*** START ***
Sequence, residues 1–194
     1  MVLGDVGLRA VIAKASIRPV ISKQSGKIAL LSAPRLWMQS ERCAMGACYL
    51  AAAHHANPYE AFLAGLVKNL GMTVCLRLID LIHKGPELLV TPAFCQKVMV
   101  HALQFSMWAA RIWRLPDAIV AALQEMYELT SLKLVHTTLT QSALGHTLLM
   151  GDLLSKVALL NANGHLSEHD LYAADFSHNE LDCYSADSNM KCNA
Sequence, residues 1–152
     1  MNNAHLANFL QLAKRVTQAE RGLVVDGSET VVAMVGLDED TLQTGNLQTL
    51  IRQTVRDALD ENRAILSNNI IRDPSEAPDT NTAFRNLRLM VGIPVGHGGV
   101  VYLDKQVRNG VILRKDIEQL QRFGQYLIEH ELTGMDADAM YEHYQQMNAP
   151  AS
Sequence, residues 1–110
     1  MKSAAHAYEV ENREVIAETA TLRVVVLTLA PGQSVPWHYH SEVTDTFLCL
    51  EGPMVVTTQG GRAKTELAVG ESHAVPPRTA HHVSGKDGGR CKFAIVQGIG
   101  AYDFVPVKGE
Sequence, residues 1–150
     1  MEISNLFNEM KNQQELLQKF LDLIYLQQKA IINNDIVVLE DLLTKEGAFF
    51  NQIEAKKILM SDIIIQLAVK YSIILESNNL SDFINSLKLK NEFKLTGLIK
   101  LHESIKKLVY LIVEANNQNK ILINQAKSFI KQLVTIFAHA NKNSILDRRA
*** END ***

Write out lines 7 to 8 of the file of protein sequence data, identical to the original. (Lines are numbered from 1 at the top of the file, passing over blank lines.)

     1  MNNAHLANFL QLAKRVTQAE RGLVVDGSET VVAMVGLDED TLQTGNLQTL
    51  IRQTVRDALD ENRAILSNNI IRDPSEAPDT NTAFRNLRLM VGIPVGHGGV